Building Climate and Disaster-Resilient Communities and Economies:
How the Insurance Industry
[1] and Governments Can Work Together More Effectively


Typhoon Haiyan, which has devastated larger parts of the Philippines in November 2013, gave us an impression of what we can expect in a warmer world. Today, we have come together as leaders in global risk management to issue a collective call to action to proactively address climate threats and build societal resilience. The insurance initiatives represented in this statement have a combined membership that includes more than 100 of the world’s leading insurers across Africa, Asia, Europe, North and South America, and Oceania:

ClimateWise (

The Munich Climate Insurance Initiative (MCII) (

The United Nations Environment Programme Finance Initiative (UNEP-FI) (

Need for action

Since the 1980s, the number of loss-relevant weather-related catastrophes has almost tripled in comparison to the number of geophysical events over the same period of time. The recent IPCC 5th Assessment Report supports analysis that the effects of global warming are aggravating risk situations around the world[2]. Without rapid and ambitious action to reduce global greenhouse gas emissions, the capacity to keep global temperature rises within limits considered manageable or “safe” will narrow significantly[3], leading to major shifts in risk landscapes worldwide and threatening human and economic wellbeing. Both public and private actors need to engage in a broader societal discussion about the use of insurance in the context of climate- and disaster-resilient development.

Insurers agree to actions in the following key areas:

  • - Demonstrating leadership to decarbonise economic activity at the scale and pace demanded by scientific consensus, and supporting corresponding public sector decision-making.
  • - Identifying and developing incentives to reduce climate risk by promoting risk awareness, risk prevention measures on all levels accompanied by adaptation strategies combating the effects of global warming and strengthening disaster-resilience – also using insurance related solidarity concepts and approaches. 
  • - Where risks cannot be effectively reduced or retained, supporting the transfer and sharing of such risks through insurance mechanisms including risk pooling mechanisms.
  • - Considering how insurance industry responses to climate-related events can shape the behaviours and decisions of governments, communities and businesses in managing climate risks.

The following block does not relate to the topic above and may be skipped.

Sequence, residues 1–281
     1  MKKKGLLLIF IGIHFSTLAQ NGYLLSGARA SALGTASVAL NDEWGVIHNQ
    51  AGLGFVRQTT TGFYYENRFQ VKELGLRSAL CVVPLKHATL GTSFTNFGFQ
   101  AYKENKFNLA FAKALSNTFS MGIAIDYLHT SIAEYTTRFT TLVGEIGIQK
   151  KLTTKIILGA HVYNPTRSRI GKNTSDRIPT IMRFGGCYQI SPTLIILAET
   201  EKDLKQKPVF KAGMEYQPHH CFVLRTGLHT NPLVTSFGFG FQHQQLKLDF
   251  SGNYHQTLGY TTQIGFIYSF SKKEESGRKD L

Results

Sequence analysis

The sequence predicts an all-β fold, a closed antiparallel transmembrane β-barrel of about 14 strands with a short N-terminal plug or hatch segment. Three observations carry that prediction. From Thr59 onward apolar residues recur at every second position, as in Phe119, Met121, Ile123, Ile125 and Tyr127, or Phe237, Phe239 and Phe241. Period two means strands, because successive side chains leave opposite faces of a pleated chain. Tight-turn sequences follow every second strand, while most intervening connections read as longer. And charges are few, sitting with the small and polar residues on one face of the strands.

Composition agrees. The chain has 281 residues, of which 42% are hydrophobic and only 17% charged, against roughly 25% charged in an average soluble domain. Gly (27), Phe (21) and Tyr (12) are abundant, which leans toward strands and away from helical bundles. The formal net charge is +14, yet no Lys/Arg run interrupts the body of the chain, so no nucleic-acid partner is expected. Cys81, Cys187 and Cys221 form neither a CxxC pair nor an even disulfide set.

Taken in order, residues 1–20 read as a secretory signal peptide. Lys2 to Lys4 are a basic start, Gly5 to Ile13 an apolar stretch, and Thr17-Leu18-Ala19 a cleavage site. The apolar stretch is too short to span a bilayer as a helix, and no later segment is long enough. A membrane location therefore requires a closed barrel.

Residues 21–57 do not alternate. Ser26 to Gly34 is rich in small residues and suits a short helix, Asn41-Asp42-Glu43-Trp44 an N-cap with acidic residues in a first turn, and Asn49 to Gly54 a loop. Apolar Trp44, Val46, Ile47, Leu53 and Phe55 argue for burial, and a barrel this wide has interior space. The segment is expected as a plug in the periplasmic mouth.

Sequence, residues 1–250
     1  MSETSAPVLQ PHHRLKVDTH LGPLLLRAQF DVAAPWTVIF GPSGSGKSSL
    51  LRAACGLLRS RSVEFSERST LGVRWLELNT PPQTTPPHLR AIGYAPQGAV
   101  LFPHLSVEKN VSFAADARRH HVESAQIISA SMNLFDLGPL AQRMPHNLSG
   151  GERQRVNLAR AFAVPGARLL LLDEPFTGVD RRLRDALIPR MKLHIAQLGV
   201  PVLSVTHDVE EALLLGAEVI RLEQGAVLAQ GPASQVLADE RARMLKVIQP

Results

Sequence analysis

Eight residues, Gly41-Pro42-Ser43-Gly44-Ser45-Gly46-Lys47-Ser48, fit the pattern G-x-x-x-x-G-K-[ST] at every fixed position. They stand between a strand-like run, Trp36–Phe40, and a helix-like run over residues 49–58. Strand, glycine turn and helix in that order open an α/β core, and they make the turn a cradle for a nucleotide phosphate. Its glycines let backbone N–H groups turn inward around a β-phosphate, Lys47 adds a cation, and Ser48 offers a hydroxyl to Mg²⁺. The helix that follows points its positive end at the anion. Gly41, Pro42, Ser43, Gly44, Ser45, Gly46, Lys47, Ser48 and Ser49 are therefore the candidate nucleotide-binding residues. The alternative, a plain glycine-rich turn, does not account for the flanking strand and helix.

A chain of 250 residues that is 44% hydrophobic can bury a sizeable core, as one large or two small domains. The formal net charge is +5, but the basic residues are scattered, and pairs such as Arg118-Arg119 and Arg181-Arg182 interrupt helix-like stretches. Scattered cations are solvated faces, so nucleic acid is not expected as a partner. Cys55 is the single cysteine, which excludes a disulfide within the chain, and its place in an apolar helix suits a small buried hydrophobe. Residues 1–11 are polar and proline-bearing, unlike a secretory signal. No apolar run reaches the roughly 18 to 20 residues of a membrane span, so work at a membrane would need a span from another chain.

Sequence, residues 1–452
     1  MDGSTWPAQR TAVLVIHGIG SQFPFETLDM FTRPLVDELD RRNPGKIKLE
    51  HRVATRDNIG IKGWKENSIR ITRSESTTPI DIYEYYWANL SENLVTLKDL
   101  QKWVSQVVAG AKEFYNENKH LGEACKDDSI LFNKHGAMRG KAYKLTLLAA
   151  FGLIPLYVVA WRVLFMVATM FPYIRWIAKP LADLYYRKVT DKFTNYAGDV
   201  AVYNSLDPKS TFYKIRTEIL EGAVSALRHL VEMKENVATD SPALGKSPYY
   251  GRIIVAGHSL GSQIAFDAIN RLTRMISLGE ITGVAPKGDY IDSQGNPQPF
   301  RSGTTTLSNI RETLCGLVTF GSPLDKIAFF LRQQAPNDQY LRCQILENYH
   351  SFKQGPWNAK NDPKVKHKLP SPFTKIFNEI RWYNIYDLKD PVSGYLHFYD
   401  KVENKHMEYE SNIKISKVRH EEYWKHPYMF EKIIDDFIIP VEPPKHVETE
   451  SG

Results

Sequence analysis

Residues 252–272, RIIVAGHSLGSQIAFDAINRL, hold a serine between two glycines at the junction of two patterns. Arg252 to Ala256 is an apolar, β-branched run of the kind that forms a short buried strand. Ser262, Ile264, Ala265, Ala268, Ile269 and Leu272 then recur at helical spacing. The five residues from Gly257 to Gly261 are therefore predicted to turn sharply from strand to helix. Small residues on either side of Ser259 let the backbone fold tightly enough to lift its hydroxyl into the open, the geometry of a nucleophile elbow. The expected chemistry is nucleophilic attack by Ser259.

Need for collaborative action between governments and the insurance industry

Public authorities and insurers have a common interest in managing climate risks and risk reduction. This provides the basis for partnership in forging climate and disaster-resilient development pathways. The global insurance industry is uniquely placed in our economies as a market mechanism for risk sharing as the management of risks is its core business. Governmental authorities and agencies provide the frameworks within which insurers manage their risk exposures. Furthermore, regulatory frameworks, incentives and public-private collaboration are critical to providing vulnerable communities, particularly in developing countries, access to risk management services and risk transfer products offered by insurers. A mutually dependent relationship between governments, society and the insurance industry is therefore obvious.

Recommendations for the multilateral community

A number of international public policy processes, frameworks and platforms to promote sustainable development are on the global agenda. We urge the multilateral community to support widespread action on disaster risk reduction and climate change mitigation and adaptation, and their effective integration into public policy. The multilateral community can make use of the risk management expertise and resources of the global insurance industry to support meeting the challenge of building climate and disaster-resilient communities as well as resilient economies. This can be done effectively and efficiently by focusing action along the insurance risk management value chain, risk identification and analysis, risk prevention and reduction and risk transfer, to:

  • - Support the provision, co-ordination and standardisation of risk identification and analyses to facilitate the management of weather-related risks. In particular support the availability, accessibility and quality of weather and climate information services.
  • - Identify and develop incentives that will result in risk prevention and risk reduction and embed risk transfer in wider resilience-building efforts[4], ensuring alignment in policy and regulation.
  • - Facilitate, through insurance mechanisms, the provision of timely finance to reduce the financial repercussions of volatility related to extreme weather events and ensure more timely and targeted delivery of support when disasters strike.
  • - Establish regional risk management institutions and platforms to foster collaborative action to co-ordinate the management of weather-related risks and build risk prevention and reduction capabilities.

The insurance industry, over decades, has proven that economically sustainable disaster prevention works. Risk prevention is an investment in a safer world and long-term partnerships, including Public-Private-Partnerships, are key to improving the risk situation of people at risk and building more resilient communities.

[1] “Insurance Industry“ refers to both insurers and reinsurers

[2] Summary for policymakers of the IPCC Working Group I assessment report Climate Change 2013: the Physical Science, IPCC, 2013

[3] A safe operating space for humanity, Nature, Volume 461, Rockström, J., 2009

[4] e.g. National Adaptation Plans (NAPs) under the UNFCCC


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